Ireland faces worst civil unrest in decades as violence rages in Dublin

Dublin, Ireland - Dublin faced a violent night of torched vehicles and shop looting after a brutal knife attack outside of a school. Police said Friday that the city now faces an "extraordinary" level of unrest unseen in decades.

A Dublin roadway burns as flames rise from a car and a bus set alight by rioters on Thursday.
A Dublin roadway burns as flames rise from a car and a bus set alight by rioters on Thursday.  © Peter MURPHY / AFP

The violence started when a group broke through a police cordon Thursday in the area where three young children and a woman who was caring for them were injured in a knife attack.

Groups went on to torch busses and trolleys as well as loot shops along one of Dublin's most famous thoroughfares, O'Connell Street.

Garda Commissioner Drew Harris told a press conference in the Irish capital on Friday that multiple Irish police officers were injured in a running battle with the group that stormed the crime scene in Dublin on Thursday night.

He said that one officer received a serious injury, with "numerous other members injured" as missiles were thrown at them.

"What we saw last night was an extraordinary outbreak of violence," Harris said. "These are scenes that we have not seen in decades."

Harris said that "all lines of inquiry" are open to determine the motive for the knife attack.

Harris said that 34 people were arrested after "huge destruction" by the "riotous mob" with 13 shops significantly damaged or subjected to looting.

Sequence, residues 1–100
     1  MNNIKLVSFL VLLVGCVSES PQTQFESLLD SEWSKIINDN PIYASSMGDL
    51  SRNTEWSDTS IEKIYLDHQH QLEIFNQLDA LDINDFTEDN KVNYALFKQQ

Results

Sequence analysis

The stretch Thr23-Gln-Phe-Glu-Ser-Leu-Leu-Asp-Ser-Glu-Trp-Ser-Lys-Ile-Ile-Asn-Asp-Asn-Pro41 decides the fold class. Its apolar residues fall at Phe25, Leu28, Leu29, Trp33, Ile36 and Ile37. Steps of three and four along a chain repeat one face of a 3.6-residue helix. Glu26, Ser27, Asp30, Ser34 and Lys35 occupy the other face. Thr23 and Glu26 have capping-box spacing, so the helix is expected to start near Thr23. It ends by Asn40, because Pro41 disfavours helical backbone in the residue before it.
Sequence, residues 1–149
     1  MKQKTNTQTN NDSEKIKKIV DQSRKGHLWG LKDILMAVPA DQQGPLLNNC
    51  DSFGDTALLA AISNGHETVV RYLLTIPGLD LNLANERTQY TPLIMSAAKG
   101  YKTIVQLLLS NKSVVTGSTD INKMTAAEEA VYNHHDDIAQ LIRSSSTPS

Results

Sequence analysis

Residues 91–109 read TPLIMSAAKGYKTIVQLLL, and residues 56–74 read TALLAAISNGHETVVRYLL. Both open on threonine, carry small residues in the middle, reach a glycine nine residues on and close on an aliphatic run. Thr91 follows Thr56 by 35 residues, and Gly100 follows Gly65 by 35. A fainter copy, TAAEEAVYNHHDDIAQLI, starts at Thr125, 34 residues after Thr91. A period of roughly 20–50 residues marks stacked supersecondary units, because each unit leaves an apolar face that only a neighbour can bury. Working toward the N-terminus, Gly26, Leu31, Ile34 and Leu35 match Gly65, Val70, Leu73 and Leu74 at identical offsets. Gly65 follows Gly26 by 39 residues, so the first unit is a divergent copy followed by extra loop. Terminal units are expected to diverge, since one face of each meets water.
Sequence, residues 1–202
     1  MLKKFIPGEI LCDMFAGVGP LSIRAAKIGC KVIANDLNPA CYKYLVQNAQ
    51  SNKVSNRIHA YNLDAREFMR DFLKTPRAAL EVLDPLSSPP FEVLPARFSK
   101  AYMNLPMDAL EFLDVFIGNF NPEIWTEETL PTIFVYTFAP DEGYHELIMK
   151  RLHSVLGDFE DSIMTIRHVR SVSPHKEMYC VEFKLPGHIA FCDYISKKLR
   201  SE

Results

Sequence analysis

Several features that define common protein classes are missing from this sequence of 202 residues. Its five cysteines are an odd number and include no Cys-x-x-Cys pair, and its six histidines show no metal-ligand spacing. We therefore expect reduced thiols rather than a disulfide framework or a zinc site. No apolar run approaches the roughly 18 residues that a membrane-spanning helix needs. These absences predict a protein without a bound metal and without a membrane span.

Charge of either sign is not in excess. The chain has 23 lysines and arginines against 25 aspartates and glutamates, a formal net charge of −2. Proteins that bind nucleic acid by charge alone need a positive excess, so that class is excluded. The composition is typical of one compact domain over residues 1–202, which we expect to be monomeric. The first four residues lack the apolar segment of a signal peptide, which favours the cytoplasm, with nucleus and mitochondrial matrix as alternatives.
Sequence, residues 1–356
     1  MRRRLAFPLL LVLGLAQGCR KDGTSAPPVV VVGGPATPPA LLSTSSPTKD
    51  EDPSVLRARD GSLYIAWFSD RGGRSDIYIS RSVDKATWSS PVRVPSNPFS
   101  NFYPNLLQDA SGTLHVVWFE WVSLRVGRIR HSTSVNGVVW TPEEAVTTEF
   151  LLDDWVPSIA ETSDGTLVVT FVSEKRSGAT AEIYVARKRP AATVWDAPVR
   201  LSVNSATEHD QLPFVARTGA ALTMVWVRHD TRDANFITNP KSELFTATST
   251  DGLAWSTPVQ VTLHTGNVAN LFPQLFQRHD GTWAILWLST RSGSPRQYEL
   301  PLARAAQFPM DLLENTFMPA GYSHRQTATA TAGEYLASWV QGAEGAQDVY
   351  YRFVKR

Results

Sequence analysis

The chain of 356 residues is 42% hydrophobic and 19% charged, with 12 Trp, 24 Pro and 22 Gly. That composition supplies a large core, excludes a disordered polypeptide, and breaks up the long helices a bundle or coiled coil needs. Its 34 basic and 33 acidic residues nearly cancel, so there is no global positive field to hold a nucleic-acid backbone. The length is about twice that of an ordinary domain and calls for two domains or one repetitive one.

A police cordon was set up around the Irish parliament building, Leinster House, late on Thursday night amid concerns that the violence could spread.

Irish government officials denounce protesters' actions

Irish Garda riot police form a cordon around a burning police car on Thursday as a crowd forms.
Irish Garda riot police form a cordon around a burning police car on Thursday as a crowd forms.  © Peter MURPHY / AFP

Irish Prime Minister Leo Varadkar said that protesters who battled police and looted shops were motivated by "hate" and brought "shame on Ireland."

"Those involved brought shame on Dublin, brought shame on Ireland, and brought shame on their families and themselves," Varadkar told reporters.

For his part, Harris blamed a "complete lunatic faction driven by far-right ideology" for the disorder.

"We have a complete lunatic hooligan faction driven by far-right ideology, and also then this disruptive tendency engaged in serious violence."

Harris said calm was restored in the city shortly after midnight.

Irish Justice Minister Helen McEntee said the scenes of disorder were "intolerable" and that a "thuggish and manipulative element must not be allowed to use an appalling tragedy to wreak havoc."

"We will not tolerate a small number using an appalling incident to spread division," she said.

Some protesters carried signs reading Irish Lives Matter and waved Irish flags through a neighborhood home to a large immigrant community.

One protester told AFP that "Irish people are being attacked by these scum."

Ireland has been facing a chronic housing crisis, with the government estimating there is a deficit of hundreds of thousands of homes for the general population.

Widespread dissatisfaction has fed into a backlash against asylum seekers and refugees, and far-right figures have promoted anti-immigration sentiment at rallies and on social media with claims that "Ireland is full."

Cover photo: Peter MURPHY / AFP

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